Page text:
Analysis of the use of Rammstein’s “Führe mich” in the movie by Lars von Trier. Written during my Master’s degree course
Nymphomaniac – The movie
The movie by danish director Lars von Trier is a 5 and a half hour long “opus”, centering around leading lady “Joe”, who is a Nymphomaniac. She is found beaten up in the street by “Seligman”, a jewish-agnostic, passionate reader and self-diagnosed asexual. With him she recalls her life experiences in 8 chapters, going from the discovery of her sexuality to the struggles of leading a life with her addiction. While she expresses self-condemnation, she is met with understanding from Seligman, who is able to relate to and even explain her behaviour with similar patterns found in nature, science and culture.
Nymphomaniac is part of Lars von Trier’s “Depression”-Trilogy, comprised of the movies Antichrist, Melancholia and Nymphomaniac. Each movie is the result of a depressive episode and hospitalization in 2006, and cover different aspects of depression. Antichrist focuses on the descent into mental disorder, and the depths of despair when it starts to take over. Melancholia depicts the numbness people with depression experience, even in a crisis such as the end of the world. And Nymphomaniac deals with the obsessive and addictive escapes people with depression indulge in, searching to feel good and “whole” again. The movies do show these behaviours in an extreme vision.
To complete the background for this movie, I would like to mention DOGME 95, a manifesto written by Lars von Trier and Thomas Vinterberg. Similar to futurisms manifestos, the manifesto of DOGME 95 compiles a set of rules and beliefs these Danish artists set to follow. They moved to separate themselves from the “technological storm” which was taking over the art of cinema. These show only an “Illusion of pathos and […] illusion of love”. They wished to “force the truth out of [the] characters and settings” and keep up integrity in sound and picture. They expressed this in their “Vow of Chastity” which contains the exact rules and a vow to keep them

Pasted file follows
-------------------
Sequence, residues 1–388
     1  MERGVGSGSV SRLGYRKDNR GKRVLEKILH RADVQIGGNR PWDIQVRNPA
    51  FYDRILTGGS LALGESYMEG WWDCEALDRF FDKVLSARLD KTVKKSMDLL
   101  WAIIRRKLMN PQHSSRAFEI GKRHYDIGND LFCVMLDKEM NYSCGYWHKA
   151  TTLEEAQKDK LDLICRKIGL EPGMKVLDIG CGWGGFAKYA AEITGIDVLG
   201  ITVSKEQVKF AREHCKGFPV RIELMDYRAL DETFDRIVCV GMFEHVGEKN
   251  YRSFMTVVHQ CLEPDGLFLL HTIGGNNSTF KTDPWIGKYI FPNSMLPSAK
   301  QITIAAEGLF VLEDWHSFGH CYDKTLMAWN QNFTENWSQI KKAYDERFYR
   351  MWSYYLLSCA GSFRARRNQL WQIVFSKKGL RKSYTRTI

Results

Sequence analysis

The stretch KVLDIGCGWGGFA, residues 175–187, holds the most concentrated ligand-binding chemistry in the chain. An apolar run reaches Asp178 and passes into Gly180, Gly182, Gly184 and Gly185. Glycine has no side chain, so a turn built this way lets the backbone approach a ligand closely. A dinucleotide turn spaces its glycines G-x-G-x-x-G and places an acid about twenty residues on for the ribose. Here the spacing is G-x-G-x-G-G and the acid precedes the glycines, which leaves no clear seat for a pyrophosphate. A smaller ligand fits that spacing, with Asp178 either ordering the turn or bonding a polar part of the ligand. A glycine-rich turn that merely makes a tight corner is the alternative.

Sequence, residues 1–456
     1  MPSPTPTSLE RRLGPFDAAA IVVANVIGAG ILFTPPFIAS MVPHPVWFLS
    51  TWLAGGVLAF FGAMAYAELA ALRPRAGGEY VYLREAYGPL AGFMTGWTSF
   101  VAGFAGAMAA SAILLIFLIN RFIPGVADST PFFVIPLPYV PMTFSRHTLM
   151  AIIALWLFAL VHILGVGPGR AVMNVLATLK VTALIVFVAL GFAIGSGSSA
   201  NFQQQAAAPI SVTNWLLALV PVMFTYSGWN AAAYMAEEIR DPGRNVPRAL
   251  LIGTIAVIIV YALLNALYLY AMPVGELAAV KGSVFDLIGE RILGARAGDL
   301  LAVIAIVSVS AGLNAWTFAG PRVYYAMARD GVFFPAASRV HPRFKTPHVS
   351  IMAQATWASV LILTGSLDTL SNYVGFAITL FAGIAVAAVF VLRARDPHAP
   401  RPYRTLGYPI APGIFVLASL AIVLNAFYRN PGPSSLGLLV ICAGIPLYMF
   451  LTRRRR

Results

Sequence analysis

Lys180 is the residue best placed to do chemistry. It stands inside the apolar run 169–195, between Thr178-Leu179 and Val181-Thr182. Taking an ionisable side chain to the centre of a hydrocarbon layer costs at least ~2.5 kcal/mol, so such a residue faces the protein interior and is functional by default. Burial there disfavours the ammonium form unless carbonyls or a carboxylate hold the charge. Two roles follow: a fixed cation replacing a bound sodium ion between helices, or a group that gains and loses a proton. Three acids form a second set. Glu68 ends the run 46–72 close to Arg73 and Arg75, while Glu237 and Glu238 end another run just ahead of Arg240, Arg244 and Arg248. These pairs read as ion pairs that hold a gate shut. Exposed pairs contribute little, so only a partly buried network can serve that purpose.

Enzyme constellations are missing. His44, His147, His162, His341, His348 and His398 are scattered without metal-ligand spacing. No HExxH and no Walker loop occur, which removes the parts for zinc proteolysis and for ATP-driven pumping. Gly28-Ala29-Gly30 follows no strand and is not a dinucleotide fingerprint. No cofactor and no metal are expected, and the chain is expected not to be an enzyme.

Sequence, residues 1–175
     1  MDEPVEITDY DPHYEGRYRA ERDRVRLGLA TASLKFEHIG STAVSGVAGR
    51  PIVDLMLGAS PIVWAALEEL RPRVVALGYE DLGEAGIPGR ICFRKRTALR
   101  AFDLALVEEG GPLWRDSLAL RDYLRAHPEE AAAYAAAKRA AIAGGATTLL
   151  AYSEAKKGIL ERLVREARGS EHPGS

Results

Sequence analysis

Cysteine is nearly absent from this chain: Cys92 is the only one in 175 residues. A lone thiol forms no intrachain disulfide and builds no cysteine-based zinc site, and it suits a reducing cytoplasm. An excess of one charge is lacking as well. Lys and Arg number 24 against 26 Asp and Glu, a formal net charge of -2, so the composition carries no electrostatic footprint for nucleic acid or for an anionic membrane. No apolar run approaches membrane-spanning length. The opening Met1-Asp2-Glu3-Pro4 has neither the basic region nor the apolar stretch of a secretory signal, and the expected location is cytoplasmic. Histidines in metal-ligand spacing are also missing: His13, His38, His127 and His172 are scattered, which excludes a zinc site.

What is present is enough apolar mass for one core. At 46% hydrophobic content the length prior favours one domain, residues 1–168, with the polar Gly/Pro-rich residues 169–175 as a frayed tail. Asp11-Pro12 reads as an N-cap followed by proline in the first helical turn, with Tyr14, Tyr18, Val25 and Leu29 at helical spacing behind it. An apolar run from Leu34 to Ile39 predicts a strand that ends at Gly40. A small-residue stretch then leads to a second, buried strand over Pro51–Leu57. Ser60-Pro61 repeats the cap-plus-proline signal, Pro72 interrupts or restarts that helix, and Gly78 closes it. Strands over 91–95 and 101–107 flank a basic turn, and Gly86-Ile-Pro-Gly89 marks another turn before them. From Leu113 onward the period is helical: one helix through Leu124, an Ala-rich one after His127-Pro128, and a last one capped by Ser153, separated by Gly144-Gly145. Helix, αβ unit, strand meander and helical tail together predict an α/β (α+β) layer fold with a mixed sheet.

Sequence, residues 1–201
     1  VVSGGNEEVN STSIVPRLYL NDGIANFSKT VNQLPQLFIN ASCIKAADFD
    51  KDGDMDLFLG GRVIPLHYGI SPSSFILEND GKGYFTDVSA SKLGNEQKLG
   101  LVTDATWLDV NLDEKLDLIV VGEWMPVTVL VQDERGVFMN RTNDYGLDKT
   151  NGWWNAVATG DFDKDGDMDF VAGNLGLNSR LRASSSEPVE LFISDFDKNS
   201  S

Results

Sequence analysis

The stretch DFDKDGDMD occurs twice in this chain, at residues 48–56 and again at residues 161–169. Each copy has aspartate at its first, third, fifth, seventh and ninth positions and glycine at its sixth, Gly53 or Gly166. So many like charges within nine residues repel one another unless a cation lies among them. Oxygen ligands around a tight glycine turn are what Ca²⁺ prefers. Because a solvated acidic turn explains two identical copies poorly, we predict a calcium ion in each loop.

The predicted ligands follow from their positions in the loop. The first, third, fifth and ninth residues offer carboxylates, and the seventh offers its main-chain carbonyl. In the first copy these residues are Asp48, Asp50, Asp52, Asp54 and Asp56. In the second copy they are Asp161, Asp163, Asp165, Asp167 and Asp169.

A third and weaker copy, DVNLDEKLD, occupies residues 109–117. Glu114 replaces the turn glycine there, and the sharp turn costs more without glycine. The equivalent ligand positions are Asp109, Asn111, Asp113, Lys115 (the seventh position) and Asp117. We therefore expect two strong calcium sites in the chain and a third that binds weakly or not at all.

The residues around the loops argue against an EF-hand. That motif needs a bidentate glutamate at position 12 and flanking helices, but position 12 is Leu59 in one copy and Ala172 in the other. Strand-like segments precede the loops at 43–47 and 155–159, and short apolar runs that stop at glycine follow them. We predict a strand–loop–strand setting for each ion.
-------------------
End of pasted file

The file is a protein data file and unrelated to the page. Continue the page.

Freud in Nymphomaniac
There is a strong Freudian presence in the movie, by the means of an unresolved Electra complex; Joe’s relationship to her mother is summed up by the words “cold bitch”, which may have led to a phallic-stage fixation in Joe, due to missing identification with her mother and not learning sexual morality from her. This later may have developed into her hypersexuality. Joe sees it as negative, as seen in her self-chastising as a “bad person”. But Seligman sees this as a feminist gesture. She has lived as a man would, fulling embracing her sexuality, while a man wouldn’t be chastised. This alludes to post-freudian interpretations of the behaviour of unresolved Electra complexes as a rebellion against the power of males in a patriarchy. Finally there is a close relationship of Joe with her father, represented by trees. Joe later makes a leaf collection because of this. Freud in his work Traumdeutung states dreaming of tearing off branches represents masturbation. We see a sexual note to her father meaning no complete transfer of sexual libido – an unresolved Electra complex.
The Music in Nymphomaniac and Heavy Metal
All 3 installments of the “Depression”-Trilogy have classical music accompanying them. In Antichrist, the music is centred around Lascia Ch’io pianga by Händel; in the case of Melancholia it is the Prelude toTristan und Isolde by Wagner.In Nymphomaniac’s varied soundtrack a special place is reserved for Bach. Seligman mentions his Fugue and use of polyphony and Joe then compares each voice of a Fugue to one of her lovers. The bass voice is a loving man, who puts her desire above his. The second voice is a feline, dominating man. The last voice, that completes the harmony is a man named Jerôme, which has the “secret ingredient to sex”: Love. This however does not lead to a happy ending.
We can already guess that Joe’s story does not end happily thanks to foreshadowing in the opening scene. In complete silence but for the noises of the sparse action, the encounter of Seligman and Joe in the street is accompanied by the blasting guitars of Rammstein’s song Führe mich. Rammstein’s sound is dark, with distorted guitars and steady, pounding beat. Singer Till Lindemann’s voice is unique in its booming, ominous, brute masculinity and rough pronunciation of the German language. It stands in stark contrast to the rest of the mainly classical soundtrack. By being heavy metal, it encaptures a darkness and an “outside-of-society” notion, we associate to metal, and maybe also to Nymphomaniacs. There is also a sense of the unknown; the general society has little insight into a nymphomaniac life, neither into heavy metal as a genre, but has a conception of both to be dark, dangerous and deplorable.